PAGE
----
I love you, girl.

KEEP BELIEVING

Cookie Crums said...

I hope the meetings go well. To me this is one of the hardest parts of being a mother...and I only have one child (another on the way). He's only 2 so we haven't really gotten to this point yet. But it's hard b/c you want to do whatever is in your power to help your kids but at the same time there's a line where you have to let the teachers do their jobs.

I can't begin to imagine having several in school and experiecing this. Guess I will in a few years right!!

Tammie said...

good luck with the conferences. i really hope they ease your mind a bit.

for what its worth, i wasn't pleased at all with my son's education last year. i didn't feel like he was being challenged and i felt like he was being allowed to slide by because he was well behaved. i lost sleep most of the year over what to do. in the end, i decided there was really no reason to do anything, and i stopped thinking about it. my son was doing well and he was happy so why mess with it?

this year he's in middle school and he's being challenged in ways that please and excite me. im glad i didnt cause a stink with his teacher last year (although many times i wanted to) because i think it all sorta evened out, ya know?

i think it's awesome that youre having this discussion. i think it can never hurt to take a moment and evaluate the education our kids are getting. we want whats best. we're mamas--that's what we do.

also, i agree with cookie crums comment. its such a fine line and i know i constantly struggle with the idea of crossing it. i dont know whether to "make lemonade" or throw lemons at people.
(i sorta want to apologize if my comment yesterday had any snark in it. in rereading it, i sense some and it really wasnt my intention. thanks for not taking offense.:)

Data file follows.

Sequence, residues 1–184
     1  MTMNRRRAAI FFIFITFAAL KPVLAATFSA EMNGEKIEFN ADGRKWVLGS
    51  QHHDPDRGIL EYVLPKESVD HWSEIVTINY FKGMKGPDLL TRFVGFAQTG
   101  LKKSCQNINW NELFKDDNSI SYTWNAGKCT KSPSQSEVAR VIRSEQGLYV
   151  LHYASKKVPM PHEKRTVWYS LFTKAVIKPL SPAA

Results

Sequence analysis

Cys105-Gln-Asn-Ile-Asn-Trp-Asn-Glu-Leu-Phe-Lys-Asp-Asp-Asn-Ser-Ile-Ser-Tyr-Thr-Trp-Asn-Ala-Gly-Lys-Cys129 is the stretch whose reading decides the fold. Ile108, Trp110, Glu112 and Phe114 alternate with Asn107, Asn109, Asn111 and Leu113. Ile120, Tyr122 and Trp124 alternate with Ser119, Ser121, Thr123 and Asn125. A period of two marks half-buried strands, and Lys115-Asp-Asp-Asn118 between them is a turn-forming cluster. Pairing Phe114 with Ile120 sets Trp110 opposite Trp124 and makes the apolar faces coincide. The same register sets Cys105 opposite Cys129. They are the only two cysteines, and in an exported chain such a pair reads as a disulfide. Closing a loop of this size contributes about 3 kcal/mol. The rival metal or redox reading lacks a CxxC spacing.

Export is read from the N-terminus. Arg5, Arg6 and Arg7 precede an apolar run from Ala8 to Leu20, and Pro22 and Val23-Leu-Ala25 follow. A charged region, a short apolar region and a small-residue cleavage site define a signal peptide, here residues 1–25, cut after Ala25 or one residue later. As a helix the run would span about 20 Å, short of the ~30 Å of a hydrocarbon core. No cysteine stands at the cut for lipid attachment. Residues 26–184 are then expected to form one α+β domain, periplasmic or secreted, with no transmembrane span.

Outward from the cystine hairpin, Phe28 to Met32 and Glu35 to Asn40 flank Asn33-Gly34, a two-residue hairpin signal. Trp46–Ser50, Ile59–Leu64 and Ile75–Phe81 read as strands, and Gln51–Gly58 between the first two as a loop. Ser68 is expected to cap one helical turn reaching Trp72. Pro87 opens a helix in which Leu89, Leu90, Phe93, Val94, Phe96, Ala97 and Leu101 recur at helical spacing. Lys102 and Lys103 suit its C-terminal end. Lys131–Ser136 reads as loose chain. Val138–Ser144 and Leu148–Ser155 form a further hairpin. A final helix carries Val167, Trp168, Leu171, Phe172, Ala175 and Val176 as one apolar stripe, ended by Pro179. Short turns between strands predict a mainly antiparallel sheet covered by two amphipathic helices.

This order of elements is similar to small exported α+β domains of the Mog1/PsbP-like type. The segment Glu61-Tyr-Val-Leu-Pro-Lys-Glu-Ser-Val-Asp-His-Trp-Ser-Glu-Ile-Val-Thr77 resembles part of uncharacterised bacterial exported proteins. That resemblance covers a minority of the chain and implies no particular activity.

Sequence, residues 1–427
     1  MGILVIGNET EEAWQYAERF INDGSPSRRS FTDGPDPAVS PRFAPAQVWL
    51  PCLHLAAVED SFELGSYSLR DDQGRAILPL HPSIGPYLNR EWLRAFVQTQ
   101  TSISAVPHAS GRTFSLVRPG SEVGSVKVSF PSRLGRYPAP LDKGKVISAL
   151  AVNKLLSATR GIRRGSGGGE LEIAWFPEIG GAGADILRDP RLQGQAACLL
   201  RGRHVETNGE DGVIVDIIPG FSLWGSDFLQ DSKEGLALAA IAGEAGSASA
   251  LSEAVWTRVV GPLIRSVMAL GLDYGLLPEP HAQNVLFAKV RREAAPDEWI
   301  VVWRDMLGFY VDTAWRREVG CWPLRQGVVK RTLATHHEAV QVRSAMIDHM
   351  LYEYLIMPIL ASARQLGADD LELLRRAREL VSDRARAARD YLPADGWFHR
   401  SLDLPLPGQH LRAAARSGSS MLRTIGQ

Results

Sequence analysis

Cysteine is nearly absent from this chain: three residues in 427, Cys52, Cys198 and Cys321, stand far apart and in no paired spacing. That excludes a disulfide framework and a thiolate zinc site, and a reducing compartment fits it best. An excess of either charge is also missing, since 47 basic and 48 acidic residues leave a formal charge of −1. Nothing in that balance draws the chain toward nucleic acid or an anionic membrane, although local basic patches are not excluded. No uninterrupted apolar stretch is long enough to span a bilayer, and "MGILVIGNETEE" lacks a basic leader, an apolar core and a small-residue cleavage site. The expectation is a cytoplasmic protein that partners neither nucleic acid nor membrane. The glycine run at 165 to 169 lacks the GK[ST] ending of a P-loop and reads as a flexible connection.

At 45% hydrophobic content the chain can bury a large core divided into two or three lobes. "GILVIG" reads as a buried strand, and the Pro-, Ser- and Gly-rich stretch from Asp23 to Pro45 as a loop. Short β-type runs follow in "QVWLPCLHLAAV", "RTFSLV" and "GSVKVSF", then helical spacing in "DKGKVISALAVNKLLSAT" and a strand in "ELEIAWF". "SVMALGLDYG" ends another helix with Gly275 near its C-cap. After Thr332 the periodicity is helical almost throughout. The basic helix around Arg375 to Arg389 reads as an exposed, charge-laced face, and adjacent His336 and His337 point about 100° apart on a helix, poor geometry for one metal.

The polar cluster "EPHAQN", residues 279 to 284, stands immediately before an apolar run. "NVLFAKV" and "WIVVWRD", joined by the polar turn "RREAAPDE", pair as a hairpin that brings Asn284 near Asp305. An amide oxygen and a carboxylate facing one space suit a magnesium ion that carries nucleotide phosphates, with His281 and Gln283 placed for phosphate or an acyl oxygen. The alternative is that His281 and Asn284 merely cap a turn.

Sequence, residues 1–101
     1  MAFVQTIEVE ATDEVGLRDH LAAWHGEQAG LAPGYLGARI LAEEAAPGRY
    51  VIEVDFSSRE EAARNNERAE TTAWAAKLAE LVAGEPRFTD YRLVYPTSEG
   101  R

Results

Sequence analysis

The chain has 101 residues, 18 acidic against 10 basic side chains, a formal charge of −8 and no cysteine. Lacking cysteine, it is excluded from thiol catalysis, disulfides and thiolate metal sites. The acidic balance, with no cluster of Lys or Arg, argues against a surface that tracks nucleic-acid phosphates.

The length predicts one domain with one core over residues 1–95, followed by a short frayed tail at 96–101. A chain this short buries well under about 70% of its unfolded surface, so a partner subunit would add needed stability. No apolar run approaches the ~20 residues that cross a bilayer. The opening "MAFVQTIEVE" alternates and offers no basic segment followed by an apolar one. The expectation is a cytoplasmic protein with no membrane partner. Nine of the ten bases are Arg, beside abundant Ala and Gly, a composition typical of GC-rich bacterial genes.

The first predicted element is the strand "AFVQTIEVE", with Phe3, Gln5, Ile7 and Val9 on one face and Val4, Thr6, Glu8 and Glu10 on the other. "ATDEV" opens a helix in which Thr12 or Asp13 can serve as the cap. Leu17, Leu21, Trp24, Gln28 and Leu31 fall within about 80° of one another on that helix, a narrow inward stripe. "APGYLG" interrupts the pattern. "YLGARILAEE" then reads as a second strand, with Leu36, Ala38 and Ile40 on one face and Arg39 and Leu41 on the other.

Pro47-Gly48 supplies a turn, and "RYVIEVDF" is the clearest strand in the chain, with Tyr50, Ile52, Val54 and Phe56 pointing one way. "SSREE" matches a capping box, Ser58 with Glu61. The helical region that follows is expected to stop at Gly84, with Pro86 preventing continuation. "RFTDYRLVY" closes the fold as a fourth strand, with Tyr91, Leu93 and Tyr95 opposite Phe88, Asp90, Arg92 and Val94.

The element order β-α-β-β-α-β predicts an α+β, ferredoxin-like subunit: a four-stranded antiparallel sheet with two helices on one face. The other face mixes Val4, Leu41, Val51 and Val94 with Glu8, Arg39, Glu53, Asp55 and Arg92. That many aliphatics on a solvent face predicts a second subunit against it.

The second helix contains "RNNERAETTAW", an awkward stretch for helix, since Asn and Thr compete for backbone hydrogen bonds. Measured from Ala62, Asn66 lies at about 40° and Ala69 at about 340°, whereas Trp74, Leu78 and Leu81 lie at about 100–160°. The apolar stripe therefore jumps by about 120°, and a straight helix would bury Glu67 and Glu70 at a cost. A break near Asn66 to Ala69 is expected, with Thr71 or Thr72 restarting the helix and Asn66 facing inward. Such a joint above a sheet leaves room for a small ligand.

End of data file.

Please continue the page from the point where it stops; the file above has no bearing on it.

Foursons said...

Glad to hear you got some good feedback. Let us know how the conferences go!

Wendy said...

My daughter was just humiliated by a mean mom at a sleepover last night. We had to go get her because she was crying & stopped participating in what was going on.

As a mom I want to go smack the woman in the face, then bring my daughter home & protect her forever. I've seen this lady keep a campaign of ugly gossip up against another little girl (a little girl!) for a year now, and I'm sure she'll have plenty to say about my daughter now, too.

But I can't protect Dolly. I was faced with wretched adults as a kid, too. My parents did nothing to help, not even encourage me - which was bad - but some of that hurt became a motivating force in my life, motivation to succeed and to be more than what they thought I was.

I rocked her for an hour while she cried and slowly told me about it. I comforted her and kept my anger to myself. Today she is all hop-skippity-jump-around again and happy. We talked a little bit about what she could have done herself to make the evening more successful.

I'm better able to deal with all kinds of kids because of Dolly. She is the hardest kid I've ever seen. When I bring up things we have been through with her, other moms are speechless. That kind of thing can happen? The trade-off is worth it, as evidenced by the nasty mom who had 19 kids at her house & obviously couldn't handle it, so she took out her stress on my daughter (who was jumping up & down in place, apparently, for which she got sent home from the slumber party).

I can't do anything about that other woman. And Dolly is going to have to learn that not all parents - not all kids - not all teachers - not all bosses - not all coworkers - are going to be as patient and long-suffering as she has taught her own mother to be. She has to figure out how to harness her own energy when necessary.

Or else she will end up like my sister-in-law, who has, as my husband says, "a personality like a turd in a punch bowl" and who struggles to even keep a job because she is so difficult to deal with. I much prefer Dolly learn by some embarrassment & some hurt in 3rd grade than by social isolation and constant unemployment as an adult (or whatever other consequences she might have to face).

It's so hard - Cowboy is everyone's darling & Dolly's experiences are so dependent on who is in charge of her. Last year's teacher thought she was a really bad kid & sent home nonstop complaints about every little thing, stupid things - this year her teacher thinks she is funny and sweet and she gets perfect behavior reports every day.

It's so hard - but if I protect her from it now, she'll have to face it as an adult on her own. The best thing I can do for her is help her learn to cope with herself & the outside world.

I hate public school. It's like boot camp for real life. So awful. So useful, too. There's a lot of opportunity there to guide kids, now while they are still young enough to listen to us, if we can figure out how to do it. I hope I don't fail in that regard.